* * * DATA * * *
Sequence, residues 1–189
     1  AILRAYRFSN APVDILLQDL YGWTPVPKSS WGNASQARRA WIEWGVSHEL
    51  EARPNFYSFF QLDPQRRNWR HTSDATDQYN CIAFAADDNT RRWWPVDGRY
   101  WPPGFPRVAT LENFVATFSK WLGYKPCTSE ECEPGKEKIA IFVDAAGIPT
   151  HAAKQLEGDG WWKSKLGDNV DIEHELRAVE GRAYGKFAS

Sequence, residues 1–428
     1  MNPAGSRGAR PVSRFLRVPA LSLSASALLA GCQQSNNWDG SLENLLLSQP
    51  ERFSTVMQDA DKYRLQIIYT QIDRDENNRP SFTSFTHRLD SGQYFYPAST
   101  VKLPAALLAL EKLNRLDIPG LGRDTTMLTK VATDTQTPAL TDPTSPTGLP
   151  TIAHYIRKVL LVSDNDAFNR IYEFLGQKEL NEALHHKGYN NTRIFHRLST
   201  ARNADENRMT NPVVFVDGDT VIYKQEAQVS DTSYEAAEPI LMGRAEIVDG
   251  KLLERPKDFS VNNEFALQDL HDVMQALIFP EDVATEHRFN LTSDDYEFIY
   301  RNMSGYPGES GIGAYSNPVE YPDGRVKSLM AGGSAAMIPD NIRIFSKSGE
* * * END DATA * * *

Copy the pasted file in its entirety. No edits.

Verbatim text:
Sequence, residues 1–189
     1  AILRAYRFSN APVDILLQDL YGWTPVPKSS WGNASQARRA WIEWGVSHEL
    51  EARPNFYSFF QLDPQRRNWR HTSDATDQYN CIAFAADDNT RRWWPVDGRY
   101  WPPGFPRVAT LENFVATFSK WLGYKPCTSE ECEPGKEKIA IFVDAAGIPT
   151  HAAKQLEGDG WWKSKLGDNV DIEHELRAVE GRAYGKFAS

Sequence, residues 1–428
     1  MNPAGSRGAR PVSRFLRVPA LSLSASALLA GCQQSNNWDG SLENLLLSQP
    51  ERFSTVMQDA DKYRLQIIYT QIDRDENNRP SFTSFTHRLD SGQYFYPAST
   101  VKLPAALLAL EKLNRLDIPG LGRDTTMLTK VATDTQTPAL TDPTSPTGLP
   151  TIAHYIRKVL LVSDNDAFNR IYEFLGQKEL NEALHHKGYN NTRIFHRLST
   201  ARNADENRMT NPVVFVDGDT VIYKQEAQVS DTSYEAAEPI LMGRAEIVDG
   251  KLLERPKDFS VNNEFALQDL HDVMQALIFP EDVATEHRFN LTSDDYEFIY
   301  RNMSGYPGES GIGAYSNPVE YPDGRVKSLM AGGSAAMIPD NIRIFSKSGE